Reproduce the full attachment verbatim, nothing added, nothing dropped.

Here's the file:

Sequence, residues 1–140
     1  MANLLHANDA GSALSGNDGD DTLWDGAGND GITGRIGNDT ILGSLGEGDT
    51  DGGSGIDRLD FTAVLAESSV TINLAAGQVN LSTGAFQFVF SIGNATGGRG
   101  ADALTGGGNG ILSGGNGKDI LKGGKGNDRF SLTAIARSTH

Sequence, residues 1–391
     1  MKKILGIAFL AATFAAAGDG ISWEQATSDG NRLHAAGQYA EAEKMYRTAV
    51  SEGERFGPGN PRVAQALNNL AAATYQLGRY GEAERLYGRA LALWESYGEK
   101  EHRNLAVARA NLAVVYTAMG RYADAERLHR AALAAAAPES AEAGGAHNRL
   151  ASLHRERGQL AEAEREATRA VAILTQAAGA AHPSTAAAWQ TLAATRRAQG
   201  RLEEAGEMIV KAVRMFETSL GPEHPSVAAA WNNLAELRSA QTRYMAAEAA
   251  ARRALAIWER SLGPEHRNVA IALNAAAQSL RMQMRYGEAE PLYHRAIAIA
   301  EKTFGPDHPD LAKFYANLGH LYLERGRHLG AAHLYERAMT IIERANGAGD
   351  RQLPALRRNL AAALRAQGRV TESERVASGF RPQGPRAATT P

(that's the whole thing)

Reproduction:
Sequence, residues 1–140
     1  MANLLHANDA GSALSGNDGD DTLWDGAGND GITGRIGNDT ILGSLGEGDT
    51  DGGSGIDRLD FTAVLAESSV TINLAAGQVN LSTGAFQFVF SIGNATGGRG
   101  ADALTGGGNG ILSGGNGKDI LKGGKGNDRF SLTAIARSTH

Sequence, residues 1–391
     1  MKKILGIAFL AATFAAAGDG ISWEQATSDG NRLHAAGQYA EAEKMYRTAV
    51  SEGERFGPGN PRVAQALNNL AAATYQLGRY GEAERLYGRA LALWESYGEK
   101  EHRNLAVARA NLAVVYTAMG RYADAERLHR AALAAAAPES AEAGGAHNRL
   151  ASLHRERGQL AEAEREATRA VAILTQAAGA AHPSTAAAWQ TLAATRRAQG
   201  RLEEAGEMIV KAVRMFETSL GPEHPSVAAA WNNLAELRSA QTRYMAAEAA
   251  ARRALAIWER SLGPEHRNVA IALNAAAQSL RMQMRYGEAE PLYHRAIAIA
   301  EKTFGPDHPD LAKFYANLGH LYLERGRHLG AAHLYERAMT IIERANGAGD
   351  RQLPALRRNL AAALRAQGRV TESERVASGF RPQGPRAATT P